• Jewish Federations of North America (JFNA): First we would like to make a very important correction.  In our last update we stated that we received 100 generators from the UJA Federation of NY.  To clarify, the generators donated were made possible thanks to grants made by the UJA Federation of New York to the Jewish Federations of North America (JFNA), the umbrella organization of Jewish Federations in the U.S. and Canada.  It is the JFNA that donated and coordinated these much needed generators that has brought so much light in so many ways.  A very special thank you to Ed Finkel the Regional Director of the JFNA within its Network of Independent Communities who has spent endless hours and phone calls tracking, coordinating and communicating with us to ensure that the generators were shipped and arrived safely to our port. If anyone has ever shipped anything here you know it is no small feat.   Thank you for your dedication and follow through.

 

  • The UJA Federation of NY, in partnership with AFYA, a medical supply recovery organization: These organization chartered a flight to St. Thomas to bring supplies to Schneider Regional Medical Center, our local hospital that lost the use of the 4th and 5th  Some of these supplies were suggested by our own Agi Rampino after communications with the hospital as to their most pressing needs.  In addition to 1,000 Tetanus shots, the flight included diapers, medications, solar chargers, batteries, baby formula, receiving blankets, adult diapers and 4 Laptops This amazing team included:
  • Mark D. Medin:  Executive Vice President of the UJA Federation of New York
  • Allisa F. Levin, Esq.:  GLS Legal Search Group
  • Sheryl Parker:  Director of UJA’s Volunteer efforts
  • Lauren Rothschild Epstein: Planning Director, Carin of the UJA Federation of New York who, while not on the flight, worked diligently to coordinate these last minute supplies to ensure they would be on board.

Not only are we fortunate enough to receive large bulk donation like the generators and Tetanus shots but the donations and supplies that help to fill in the spaces in between come from individual friends and families of the Jewish Communities and other congregations as well. 

  • Jan Tannenbaum: A stateside supporter of the Jewish Community of the Virgin Islands; this generous donation included 2 pallets shipped from Miami, Florida.  These pallets came at a time where we were running very low on supplies and needed a boost quickly in order to maintain the level of outreach that we’ve been able to up to this point. 

 

  • Congregation Mickve Israel in Savannah, GA – Another 2 pallets were shipped from Congregation Mickve Israel in Savannah, GA on the heels of the 2 pallets from Jan Tannenbaum. These supplies were donated after a supply drive in their own community.  We would like to specifically thank April Haas who coordinated the shipment through numerous emails and telephone calls.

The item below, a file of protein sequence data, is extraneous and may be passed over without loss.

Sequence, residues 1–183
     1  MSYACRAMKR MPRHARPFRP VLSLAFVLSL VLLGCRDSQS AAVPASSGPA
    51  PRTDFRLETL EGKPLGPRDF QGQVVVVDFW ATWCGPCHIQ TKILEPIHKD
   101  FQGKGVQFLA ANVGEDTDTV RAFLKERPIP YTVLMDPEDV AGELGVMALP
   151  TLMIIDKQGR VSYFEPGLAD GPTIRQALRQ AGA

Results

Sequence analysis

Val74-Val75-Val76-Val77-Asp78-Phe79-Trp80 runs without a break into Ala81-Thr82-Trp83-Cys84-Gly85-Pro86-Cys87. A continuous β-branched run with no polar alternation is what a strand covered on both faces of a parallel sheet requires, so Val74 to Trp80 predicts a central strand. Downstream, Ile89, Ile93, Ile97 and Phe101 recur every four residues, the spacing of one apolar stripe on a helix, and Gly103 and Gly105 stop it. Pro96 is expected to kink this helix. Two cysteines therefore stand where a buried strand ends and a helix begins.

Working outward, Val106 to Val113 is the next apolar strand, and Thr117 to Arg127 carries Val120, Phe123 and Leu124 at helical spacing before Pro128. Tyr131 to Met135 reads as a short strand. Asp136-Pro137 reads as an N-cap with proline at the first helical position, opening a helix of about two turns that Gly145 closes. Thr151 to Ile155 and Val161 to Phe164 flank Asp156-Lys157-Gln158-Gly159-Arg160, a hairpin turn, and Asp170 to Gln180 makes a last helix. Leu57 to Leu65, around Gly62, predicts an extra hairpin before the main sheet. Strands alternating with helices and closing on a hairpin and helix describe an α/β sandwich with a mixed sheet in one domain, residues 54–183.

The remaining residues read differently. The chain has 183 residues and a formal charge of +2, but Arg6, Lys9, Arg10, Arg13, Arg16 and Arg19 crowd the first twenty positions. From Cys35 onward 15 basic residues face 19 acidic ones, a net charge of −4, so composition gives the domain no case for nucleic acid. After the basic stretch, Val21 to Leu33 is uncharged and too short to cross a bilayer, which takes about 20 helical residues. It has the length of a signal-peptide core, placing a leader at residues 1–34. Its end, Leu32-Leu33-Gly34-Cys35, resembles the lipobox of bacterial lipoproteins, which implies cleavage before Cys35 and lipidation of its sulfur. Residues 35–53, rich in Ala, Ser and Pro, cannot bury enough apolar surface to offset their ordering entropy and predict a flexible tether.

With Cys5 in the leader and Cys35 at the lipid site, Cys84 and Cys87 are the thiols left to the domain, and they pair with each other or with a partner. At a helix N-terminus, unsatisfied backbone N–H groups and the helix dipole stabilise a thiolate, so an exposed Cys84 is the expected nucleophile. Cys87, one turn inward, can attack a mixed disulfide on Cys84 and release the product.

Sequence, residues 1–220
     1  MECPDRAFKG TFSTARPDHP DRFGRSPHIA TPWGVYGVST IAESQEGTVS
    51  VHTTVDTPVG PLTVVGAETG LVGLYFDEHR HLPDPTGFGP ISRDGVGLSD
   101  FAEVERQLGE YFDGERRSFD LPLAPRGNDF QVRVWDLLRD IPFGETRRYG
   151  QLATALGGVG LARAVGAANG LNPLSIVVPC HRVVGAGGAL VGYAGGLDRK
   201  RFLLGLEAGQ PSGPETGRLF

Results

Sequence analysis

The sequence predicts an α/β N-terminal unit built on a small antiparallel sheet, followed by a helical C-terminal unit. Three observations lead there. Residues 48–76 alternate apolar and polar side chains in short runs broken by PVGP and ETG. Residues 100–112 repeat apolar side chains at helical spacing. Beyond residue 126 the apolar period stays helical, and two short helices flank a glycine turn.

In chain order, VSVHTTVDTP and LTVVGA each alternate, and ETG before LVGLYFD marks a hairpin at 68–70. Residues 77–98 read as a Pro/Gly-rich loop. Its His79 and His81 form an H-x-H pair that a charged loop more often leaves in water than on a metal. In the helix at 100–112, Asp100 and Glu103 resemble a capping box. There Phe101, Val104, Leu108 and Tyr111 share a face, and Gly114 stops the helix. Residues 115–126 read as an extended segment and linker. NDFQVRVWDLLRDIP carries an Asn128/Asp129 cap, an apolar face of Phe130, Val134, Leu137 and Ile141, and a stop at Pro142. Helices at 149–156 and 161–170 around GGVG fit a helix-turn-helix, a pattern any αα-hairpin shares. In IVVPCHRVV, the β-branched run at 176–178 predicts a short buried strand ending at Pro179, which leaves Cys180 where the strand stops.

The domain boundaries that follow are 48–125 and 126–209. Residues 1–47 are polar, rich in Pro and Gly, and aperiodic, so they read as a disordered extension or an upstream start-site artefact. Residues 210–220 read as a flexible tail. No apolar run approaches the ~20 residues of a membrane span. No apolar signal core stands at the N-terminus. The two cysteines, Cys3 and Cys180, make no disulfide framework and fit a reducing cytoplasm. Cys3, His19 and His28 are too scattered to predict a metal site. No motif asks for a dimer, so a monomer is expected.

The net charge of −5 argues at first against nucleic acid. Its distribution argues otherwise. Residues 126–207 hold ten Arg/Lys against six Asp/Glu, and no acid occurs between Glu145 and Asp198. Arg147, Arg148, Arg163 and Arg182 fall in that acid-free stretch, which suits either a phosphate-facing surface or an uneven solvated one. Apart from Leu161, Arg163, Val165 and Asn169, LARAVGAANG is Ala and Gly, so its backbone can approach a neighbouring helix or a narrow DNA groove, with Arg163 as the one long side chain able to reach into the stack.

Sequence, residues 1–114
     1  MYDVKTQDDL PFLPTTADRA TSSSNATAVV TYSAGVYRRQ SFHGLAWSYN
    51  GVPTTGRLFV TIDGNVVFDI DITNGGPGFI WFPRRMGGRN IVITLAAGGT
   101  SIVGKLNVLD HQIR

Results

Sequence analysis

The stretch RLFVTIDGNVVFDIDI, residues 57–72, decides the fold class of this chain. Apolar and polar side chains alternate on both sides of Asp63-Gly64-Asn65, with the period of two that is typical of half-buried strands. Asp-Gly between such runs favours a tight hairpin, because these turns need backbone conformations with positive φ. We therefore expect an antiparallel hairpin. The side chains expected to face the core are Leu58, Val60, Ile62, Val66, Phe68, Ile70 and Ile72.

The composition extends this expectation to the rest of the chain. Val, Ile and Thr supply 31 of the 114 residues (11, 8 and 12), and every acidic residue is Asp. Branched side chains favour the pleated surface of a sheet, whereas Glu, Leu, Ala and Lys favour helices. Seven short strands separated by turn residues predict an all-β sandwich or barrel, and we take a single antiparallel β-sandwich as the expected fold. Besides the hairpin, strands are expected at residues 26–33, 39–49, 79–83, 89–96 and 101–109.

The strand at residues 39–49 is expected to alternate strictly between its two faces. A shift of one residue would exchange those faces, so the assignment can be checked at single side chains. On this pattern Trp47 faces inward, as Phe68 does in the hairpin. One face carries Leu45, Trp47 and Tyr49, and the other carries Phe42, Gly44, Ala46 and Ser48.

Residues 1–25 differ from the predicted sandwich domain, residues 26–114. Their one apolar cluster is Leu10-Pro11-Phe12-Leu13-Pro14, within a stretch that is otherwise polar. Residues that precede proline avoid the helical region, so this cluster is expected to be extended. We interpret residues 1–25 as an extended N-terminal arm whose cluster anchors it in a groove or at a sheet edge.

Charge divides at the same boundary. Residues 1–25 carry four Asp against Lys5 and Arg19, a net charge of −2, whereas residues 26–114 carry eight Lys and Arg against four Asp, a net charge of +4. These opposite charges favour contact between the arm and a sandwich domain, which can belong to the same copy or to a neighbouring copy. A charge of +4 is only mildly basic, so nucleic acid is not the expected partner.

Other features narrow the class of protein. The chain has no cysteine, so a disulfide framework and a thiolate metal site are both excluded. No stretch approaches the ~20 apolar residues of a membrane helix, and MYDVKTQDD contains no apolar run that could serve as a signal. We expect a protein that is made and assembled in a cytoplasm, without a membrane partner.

Without these four pallets arriving when they did our efforts would have been temporarily delayed.  Instead, we were able to supplement continuously needed items like; food, water, clothing, pet food, batteries, work gloves, diapers, baby wipes and cleaning supplies.  Delivering a second round of supplies to these families and organizations helps them to continue to get back on their feet. 

What is easy to overlook is that even though some businesses are open now and have supplies it can be very difficult to obtain them.  Some have lost their jobs and money is tight, if you add onto that home repairs that need to be made or a down payment for a new apartment because their old one was destroyed. 

Perhaps some have jobs and can afford supplies but getting to the stores during the limited hours of operation is difficult. When you are able to make it, there might be a long line or the D batteries you went to buy have been sold out for 2 weeks leaving you in the dark for another night without a flashlight. 

These are the people we’re reaching.  The night nurse who has a 3 year old and has to carry her child to a babysitter now has a stroller and we’re working on helping her repair her car so she won’t have to walk to work at night. 

The woman who needed to borrow our computer for a few hours to work on her resume so she would no longer need our help. 

And this week I’ll just leave you with a portion of a letter received with one of our pallets.  This exemplifies the generousity of everyone involved in this tireless effort.  Not surprisingly, this time the generousity comes through a child and written by his very proud aunt. 

“My nephew, Jenson, will turn seven on October 2.  He absolutely loves St. Thomas.  His parents were planning to take hime back to the islands over the holidays this year, but have now been told they should make other arrangements….Jenson wants to help the people who were affected by the recent hurricanes..He talked to his mom and dad about ways to help and they came to the conclusion theat in lieu of birthday gifts this year, they would request donations be made to the hurricnae relief efforts.  Jenson has dedicated his 7th birthday to you.  I want you to know that this box is really from Jenson.”